Thursday, September 26, 2013
#269 / Bernanke Blinks
For the last year or so, I have been reading The Wall Street Journal as a kind of daily discipline. I don't much care about the details of "high finance," or about who is who at the CEO level of America's corporate leadership, and I almost never agree with The Journal's take on politics, society, the economy, or the environment. I am, in other words, purposefully exposing myself to a point of view with which I almost always disagree, and am doing so as a way to make sure I don't become intellectually insulated. Just like jumping into a cold lake in the winter time; it's supposed to be good for me!
The Journal's editorial on September 19th, titled "Mr. Bernanke Blinks," illustrates something I have noticed in The Journal (and among the "punditry" in general). The conduct of public officials is more and more being judged not by the actual impact of that conduct in the real world, but as against what the "pundits" have expected or said. In The Journal, this particularly happens when the paper comments (almost always unfavorably) on President Obama. This time around the comment was about a decision made by the Federal Reserve Board to continue a bond-buying program that has been associated with an "easy money" bias. Previously, the Chairman (Mr. Bernanke) had indicated that the Federal Reserve might start to "taper down" its easy money policy. The decision of the Federal Reserve Board on September 18th was to the contrary. The Federal Reserve decided not to do that (at least not right at this moment).
According to The Journal, Mr. Bernanke "blinked." Do you remember the President's decision not to pursue an individually-authorized military attack on Syria, despite his earlier "red line" comment? He, too, "blinked," because he didn't do what an earlier comment suggested that he would do, and the pundits excoriated him for that.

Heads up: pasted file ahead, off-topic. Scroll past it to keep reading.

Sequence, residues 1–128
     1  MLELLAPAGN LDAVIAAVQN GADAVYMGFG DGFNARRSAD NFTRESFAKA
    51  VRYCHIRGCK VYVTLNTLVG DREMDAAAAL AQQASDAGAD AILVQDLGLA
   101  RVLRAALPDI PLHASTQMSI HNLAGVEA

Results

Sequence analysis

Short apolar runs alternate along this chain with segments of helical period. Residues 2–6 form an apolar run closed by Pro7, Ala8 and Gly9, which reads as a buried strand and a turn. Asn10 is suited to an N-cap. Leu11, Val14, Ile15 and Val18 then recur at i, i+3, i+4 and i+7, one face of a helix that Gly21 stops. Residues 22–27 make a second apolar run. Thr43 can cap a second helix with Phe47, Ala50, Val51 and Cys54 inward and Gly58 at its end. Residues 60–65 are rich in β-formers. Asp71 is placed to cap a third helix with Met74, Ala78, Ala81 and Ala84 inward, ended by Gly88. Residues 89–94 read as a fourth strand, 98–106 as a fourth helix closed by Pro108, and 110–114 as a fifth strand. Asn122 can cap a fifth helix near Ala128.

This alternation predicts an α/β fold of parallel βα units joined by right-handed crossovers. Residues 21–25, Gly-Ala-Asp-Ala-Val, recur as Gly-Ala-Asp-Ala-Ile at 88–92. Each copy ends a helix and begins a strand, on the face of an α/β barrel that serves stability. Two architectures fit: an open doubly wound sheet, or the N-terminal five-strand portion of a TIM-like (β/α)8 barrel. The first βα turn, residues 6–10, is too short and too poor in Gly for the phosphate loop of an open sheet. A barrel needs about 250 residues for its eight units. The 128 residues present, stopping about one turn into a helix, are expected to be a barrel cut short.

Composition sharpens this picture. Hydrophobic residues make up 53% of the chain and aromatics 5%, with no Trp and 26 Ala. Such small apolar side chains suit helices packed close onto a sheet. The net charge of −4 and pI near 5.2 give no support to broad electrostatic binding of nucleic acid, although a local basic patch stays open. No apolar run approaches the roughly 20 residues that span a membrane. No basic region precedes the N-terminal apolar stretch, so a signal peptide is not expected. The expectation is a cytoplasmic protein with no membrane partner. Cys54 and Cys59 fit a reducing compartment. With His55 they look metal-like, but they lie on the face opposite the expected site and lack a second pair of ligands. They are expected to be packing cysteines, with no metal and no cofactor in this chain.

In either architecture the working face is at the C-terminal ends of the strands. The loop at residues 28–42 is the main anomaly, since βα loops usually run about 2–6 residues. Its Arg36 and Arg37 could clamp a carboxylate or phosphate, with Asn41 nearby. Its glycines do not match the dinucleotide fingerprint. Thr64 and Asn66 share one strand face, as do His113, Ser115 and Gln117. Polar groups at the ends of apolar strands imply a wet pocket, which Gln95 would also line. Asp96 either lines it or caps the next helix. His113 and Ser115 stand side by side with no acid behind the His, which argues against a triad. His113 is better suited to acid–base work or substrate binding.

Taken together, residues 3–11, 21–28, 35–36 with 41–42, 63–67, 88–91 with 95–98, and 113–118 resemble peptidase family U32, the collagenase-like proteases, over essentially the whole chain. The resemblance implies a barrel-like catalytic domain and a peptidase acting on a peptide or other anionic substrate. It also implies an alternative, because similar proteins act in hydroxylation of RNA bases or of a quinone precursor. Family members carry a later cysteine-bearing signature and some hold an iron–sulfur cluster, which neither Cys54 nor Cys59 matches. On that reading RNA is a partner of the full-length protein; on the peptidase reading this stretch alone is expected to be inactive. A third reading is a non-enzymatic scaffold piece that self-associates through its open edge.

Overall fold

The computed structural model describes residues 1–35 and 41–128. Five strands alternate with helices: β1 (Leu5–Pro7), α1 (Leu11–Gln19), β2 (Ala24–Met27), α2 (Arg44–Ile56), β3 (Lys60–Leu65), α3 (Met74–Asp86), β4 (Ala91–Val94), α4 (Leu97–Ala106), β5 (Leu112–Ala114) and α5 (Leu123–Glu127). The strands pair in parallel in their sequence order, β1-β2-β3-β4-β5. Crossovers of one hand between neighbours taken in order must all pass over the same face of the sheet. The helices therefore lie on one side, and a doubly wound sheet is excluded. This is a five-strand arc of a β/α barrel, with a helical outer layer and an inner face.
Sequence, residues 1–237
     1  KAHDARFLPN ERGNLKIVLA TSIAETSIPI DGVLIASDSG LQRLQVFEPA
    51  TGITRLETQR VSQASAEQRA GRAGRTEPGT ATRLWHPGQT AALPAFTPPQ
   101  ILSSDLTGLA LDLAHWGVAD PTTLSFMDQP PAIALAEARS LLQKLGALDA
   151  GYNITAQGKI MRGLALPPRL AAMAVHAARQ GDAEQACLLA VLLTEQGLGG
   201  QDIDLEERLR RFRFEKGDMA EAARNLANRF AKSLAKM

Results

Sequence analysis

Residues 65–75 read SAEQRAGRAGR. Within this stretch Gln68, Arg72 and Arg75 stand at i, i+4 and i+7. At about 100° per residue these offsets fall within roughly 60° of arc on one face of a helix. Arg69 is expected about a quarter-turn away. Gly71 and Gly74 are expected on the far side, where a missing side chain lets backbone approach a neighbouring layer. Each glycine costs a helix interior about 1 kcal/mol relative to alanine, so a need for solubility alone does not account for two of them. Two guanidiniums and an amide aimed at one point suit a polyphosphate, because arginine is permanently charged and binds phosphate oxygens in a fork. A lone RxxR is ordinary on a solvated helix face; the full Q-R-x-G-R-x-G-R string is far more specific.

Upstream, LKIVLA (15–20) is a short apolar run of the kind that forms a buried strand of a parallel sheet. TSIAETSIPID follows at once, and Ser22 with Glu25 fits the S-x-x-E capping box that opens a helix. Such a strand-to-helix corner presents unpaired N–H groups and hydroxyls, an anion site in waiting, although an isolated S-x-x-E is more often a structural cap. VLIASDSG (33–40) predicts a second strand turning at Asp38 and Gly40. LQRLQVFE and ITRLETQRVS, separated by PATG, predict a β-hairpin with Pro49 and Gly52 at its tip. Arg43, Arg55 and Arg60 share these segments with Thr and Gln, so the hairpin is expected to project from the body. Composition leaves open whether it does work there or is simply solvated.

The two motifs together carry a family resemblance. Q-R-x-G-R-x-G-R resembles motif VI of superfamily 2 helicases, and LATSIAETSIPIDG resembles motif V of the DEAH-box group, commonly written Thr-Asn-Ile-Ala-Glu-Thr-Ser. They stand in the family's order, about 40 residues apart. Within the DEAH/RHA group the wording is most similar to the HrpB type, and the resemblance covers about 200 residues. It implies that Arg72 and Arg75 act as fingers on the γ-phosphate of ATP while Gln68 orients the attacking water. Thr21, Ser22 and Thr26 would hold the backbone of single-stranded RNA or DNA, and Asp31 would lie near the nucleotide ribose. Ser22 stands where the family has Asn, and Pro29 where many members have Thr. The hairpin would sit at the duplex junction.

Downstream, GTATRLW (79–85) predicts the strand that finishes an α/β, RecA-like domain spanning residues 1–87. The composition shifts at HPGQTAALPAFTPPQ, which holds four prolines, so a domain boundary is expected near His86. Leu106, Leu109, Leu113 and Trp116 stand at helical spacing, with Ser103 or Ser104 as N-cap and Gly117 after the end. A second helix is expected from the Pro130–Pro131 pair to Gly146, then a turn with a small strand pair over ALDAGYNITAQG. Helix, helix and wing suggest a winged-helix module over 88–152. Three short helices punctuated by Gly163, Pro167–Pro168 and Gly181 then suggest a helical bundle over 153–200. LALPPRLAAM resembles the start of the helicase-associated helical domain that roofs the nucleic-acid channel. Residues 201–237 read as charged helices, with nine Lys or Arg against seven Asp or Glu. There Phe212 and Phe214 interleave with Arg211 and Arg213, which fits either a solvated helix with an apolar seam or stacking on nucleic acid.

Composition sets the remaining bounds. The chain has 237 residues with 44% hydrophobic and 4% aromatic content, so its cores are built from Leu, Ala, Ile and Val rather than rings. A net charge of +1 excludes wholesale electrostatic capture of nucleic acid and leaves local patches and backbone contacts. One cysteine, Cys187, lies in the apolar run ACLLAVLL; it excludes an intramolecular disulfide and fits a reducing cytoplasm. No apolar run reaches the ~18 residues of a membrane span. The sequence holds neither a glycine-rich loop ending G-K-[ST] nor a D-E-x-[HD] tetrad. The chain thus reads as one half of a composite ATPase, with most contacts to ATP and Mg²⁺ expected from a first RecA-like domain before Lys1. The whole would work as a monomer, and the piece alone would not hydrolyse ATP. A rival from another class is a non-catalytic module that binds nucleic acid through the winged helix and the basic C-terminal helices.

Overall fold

This is the phenomenon that struck me when I read The Journal's editorial about Mr. Bernanke. There seems to be a growing tendency to castigate or criticize a public official (our President, especially) when he or she doesn't do what the pundits and policy writers have predicted, or thought that he or she would do (sometimes based on statements made by the public official). In other words, rather than looking to see whether or not what actually happens might be good or bad, the good or bad judgment is based on whether or not the public official adhered to the opinions and expectations of the pundits.
This way of evaluating real conduct in the real world indicates a fundamental detachment from reality. What a public official "said" might or should happen is the test against which actual actions are measured. That is kind of going about it backwards.
A "realistic" approach to making judgments about the actions of public officials would be to measure actual conduct against the actual impacts of that conduct. Judged by that standard, of course, President Obama's "weakness" in not actually launching a military strike against Syria is leading to what may well be a very significant diplomatic victory.
And as for the reaction of the financial world to Mr. Bernanke's "blink." Well, the stock market went up! Maybe that was the right decision, after all.